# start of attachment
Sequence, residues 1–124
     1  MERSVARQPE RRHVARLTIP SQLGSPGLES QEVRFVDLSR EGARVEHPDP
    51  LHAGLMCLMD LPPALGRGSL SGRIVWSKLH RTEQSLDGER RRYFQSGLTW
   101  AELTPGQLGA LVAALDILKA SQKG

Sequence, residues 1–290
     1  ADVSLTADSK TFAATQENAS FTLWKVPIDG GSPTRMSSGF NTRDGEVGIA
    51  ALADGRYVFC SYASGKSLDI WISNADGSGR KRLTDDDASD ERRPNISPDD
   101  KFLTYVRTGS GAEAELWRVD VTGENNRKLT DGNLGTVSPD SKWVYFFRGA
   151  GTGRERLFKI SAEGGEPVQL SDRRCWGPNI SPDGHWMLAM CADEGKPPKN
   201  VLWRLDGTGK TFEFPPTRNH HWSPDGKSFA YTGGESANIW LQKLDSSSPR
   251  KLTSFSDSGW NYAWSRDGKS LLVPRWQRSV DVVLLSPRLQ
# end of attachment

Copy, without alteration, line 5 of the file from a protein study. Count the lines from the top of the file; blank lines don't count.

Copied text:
Sequence, residues 1–290